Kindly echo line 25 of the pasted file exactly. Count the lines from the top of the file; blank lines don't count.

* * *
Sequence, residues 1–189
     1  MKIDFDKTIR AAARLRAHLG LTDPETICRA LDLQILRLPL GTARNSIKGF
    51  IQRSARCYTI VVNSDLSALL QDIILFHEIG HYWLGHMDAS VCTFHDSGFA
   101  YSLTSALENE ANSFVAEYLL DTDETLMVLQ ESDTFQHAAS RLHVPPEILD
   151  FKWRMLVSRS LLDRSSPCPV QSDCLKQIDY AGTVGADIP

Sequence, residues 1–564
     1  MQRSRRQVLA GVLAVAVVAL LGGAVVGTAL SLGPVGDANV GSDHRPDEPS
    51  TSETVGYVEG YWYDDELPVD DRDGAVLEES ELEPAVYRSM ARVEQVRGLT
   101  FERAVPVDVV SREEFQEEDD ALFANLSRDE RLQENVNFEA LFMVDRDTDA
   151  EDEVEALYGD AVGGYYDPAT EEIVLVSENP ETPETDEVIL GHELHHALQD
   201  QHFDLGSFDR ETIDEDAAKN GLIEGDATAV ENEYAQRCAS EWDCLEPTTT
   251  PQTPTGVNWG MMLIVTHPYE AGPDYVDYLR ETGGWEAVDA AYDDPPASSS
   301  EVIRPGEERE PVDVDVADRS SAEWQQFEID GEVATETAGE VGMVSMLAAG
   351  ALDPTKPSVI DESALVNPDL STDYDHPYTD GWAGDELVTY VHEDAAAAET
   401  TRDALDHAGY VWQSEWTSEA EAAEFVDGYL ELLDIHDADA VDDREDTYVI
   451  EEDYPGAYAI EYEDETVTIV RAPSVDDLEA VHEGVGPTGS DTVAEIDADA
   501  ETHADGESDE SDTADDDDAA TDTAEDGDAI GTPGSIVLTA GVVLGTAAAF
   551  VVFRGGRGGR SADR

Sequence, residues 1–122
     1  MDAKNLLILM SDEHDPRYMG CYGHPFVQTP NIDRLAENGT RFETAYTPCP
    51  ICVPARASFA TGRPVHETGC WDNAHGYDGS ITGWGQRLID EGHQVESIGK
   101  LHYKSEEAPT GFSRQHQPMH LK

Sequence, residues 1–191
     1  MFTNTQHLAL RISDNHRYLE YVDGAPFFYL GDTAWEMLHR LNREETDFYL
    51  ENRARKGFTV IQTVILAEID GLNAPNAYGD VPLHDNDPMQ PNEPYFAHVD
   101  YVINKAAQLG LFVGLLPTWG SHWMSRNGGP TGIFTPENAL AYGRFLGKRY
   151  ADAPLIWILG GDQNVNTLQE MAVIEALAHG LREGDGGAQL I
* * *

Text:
    51  ENRARKGFTV IQTVILAEID GLNAPNAYGD VPLHDNDPMQ PNEPYFAHVD